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Skin Cancer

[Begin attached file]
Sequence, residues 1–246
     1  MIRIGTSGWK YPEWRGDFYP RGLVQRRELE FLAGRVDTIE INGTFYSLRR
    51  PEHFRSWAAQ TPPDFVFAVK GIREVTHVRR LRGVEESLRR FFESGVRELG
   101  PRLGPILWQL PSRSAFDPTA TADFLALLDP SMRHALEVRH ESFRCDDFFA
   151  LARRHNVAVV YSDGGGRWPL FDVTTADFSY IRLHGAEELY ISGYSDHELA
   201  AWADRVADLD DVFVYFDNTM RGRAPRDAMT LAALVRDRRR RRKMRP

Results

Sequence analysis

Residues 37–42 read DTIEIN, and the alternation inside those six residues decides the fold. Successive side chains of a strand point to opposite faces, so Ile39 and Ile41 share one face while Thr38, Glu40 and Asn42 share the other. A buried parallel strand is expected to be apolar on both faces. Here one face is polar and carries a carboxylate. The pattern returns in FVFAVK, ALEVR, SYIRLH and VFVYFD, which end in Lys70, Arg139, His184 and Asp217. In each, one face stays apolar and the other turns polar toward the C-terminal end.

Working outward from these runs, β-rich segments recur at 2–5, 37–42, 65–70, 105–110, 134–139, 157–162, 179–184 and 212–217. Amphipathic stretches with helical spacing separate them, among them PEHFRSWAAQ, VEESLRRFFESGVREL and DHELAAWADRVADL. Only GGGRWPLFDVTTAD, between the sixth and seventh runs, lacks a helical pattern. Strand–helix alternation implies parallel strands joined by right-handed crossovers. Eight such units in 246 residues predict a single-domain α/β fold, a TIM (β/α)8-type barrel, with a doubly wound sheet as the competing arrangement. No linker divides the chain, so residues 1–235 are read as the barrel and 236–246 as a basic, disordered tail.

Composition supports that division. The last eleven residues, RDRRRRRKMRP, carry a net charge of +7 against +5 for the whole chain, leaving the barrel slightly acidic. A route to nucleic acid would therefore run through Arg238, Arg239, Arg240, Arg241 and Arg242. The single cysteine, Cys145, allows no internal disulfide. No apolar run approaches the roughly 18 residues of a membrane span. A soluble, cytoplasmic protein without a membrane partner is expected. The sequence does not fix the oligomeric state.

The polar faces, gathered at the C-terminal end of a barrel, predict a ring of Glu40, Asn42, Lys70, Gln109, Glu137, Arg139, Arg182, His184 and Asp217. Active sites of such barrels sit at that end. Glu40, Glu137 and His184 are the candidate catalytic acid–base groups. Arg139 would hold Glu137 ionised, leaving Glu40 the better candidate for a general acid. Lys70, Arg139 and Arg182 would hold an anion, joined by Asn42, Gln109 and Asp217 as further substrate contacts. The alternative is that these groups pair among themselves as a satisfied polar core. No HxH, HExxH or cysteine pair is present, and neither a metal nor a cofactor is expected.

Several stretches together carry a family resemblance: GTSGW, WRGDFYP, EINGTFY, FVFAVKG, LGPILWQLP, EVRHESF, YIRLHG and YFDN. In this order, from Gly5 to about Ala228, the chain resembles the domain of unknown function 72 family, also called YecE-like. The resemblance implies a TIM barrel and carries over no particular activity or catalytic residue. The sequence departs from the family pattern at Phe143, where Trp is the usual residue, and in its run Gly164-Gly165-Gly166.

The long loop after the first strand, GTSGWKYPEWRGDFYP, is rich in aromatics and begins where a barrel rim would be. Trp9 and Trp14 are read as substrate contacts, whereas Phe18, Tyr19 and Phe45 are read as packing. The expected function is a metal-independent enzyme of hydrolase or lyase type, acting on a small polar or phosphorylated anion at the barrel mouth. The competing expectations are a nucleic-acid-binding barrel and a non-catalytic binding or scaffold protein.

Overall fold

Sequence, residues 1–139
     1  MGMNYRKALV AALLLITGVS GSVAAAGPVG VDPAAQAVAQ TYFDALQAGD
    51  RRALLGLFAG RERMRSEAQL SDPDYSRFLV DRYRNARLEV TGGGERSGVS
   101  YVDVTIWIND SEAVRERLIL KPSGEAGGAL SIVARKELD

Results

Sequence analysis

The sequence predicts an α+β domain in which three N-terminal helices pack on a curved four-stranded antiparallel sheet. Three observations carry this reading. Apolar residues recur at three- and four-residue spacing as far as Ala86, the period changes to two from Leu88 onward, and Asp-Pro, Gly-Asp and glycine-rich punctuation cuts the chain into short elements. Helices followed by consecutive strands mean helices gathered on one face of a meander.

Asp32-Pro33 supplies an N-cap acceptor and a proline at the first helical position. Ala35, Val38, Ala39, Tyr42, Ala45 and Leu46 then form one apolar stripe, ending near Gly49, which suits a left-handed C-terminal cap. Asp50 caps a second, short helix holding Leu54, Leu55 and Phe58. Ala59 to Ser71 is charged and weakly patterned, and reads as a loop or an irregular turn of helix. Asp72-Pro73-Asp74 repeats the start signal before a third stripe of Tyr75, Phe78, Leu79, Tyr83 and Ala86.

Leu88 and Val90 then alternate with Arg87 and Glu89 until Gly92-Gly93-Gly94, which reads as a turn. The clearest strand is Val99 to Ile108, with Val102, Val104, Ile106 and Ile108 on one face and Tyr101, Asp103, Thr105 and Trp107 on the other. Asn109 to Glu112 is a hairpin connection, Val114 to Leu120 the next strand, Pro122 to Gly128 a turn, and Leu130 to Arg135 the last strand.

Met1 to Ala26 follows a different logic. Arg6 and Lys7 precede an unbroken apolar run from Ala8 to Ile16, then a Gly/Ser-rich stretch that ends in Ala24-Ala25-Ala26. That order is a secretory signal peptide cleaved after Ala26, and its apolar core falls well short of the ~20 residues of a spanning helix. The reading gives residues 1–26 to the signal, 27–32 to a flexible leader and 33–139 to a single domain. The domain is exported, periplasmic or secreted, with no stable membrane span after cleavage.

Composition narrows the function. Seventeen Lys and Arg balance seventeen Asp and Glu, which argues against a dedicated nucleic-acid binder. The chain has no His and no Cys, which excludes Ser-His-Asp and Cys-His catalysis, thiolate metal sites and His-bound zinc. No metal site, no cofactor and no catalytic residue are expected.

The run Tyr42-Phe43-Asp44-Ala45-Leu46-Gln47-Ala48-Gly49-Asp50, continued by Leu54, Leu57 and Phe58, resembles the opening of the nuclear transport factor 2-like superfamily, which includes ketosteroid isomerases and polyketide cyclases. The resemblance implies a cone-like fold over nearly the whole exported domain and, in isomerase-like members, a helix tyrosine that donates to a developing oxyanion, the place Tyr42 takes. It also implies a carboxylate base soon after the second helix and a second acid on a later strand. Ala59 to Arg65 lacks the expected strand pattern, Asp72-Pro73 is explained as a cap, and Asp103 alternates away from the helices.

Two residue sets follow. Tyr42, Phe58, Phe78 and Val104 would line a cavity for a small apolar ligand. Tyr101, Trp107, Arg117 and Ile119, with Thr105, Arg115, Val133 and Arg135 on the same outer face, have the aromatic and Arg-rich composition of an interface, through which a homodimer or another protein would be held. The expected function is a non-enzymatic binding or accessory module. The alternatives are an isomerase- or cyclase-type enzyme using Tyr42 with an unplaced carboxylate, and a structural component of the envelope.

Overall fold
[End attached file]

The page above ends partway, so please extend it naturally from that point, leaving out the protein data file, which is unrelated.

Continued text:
Prepare and submit a term paper on Skin cancer. Your paper should be a minimum of 1750 words in length. This increase has been linked to increased solar radiation exposure associated with tanning behaviors. The use of artificial tanning beds has also been implicated. Skin cancers can present as any kind of skin lesions such as an ulcer or lump, and can therefore be mistaken by the patient as a benign process. This often leads to a delay in presentation until cancer has reached an advanced stage. Considering the significance of skin cancer and the significant research interest surrounding the strength of the association between light exposure and skin cancer, this literature review has been conducted to discuss what is known by the medical community today about skin cancers. Objectives The objectives of this review are to discuss the etiology, risk factors, diagnosis, and treatment of skin cancers. Discussion Epidemiology The incidence of skin cancers, both melanomas, and non-melanomas, has risen over the past 3 decades. Some experts proclaim that we are experiencing a ‘record’ number of newly diagnosed skin cancers (Riker, Zea, and Trinh). Melanoma is the 6th most common fatal malignancy in the United States (Riker, Zea, and Trinh). The young women demographic group, in particular, has the highest increase in cancer incidence noted (Woo and Eide). Melanoma is the second most common cancer in women 20 to 29 years old (Riker, Zea, and Trinh). Studies show no link between sex hormones and melanoma risk (Coelho and Hearing), and young women are the most common users of indoor tanning beds (Woo and Eide). Therefore, this high cancer rate in young women is likely a reflection of the contribution of tanning beds to skin cancer incidence. Skin melanoma is rare cancer compared to basal and squamous cell skin cancers, however, it is associated with a much higher rate of metastases and mortality, and occurs more commonly in whites than other races (Society). Risk factors and Pathophysiology The ultraviolet (UV) component of solar radiation has traditionally been considered an important ‘carcinogen’ for skin cancer. In the past few decades, the emergence of indoor tanning booths has emerged as another source of UV radiation exposure. Ultraviolet light has 3 components – UVA, UVB, and UVC. UVB is the most strongly carcinogenic component, which also enhances vitamin D production in the skin (Coelho and Hearing). UVA is less carcinogenic, and UVC not at all. UV-induced DNA damage in keratinocytes can lead to pre-malignant changes in the skin such as actinic keratosis, solar lentigo, and dermatoheliosis. These lesions can, in time, develop into frank cancers (Stulberg, Crandell and Fawcett). The tanning industry, which is evidently responsible at least in part for the sharp rise in skin cancers, remains a multi-billion dollar industry worldwide (Riker, Zea, and Trinh). About 1 million American women use tanning beds regularly of which 70% are females between 16 to 45 years old. The number that uses excessive sun exposure for tanning is not known. Tanning beds were initially proclaimed to be non-carcinogenic as they emit mostly UVA. Also, tanning UV exposure was considered beneficial for promoting vitamin D production in the skin. Eventually, however, studies demonstrated that tanning beds overall provided more UV radiation than the summer sun exposure.

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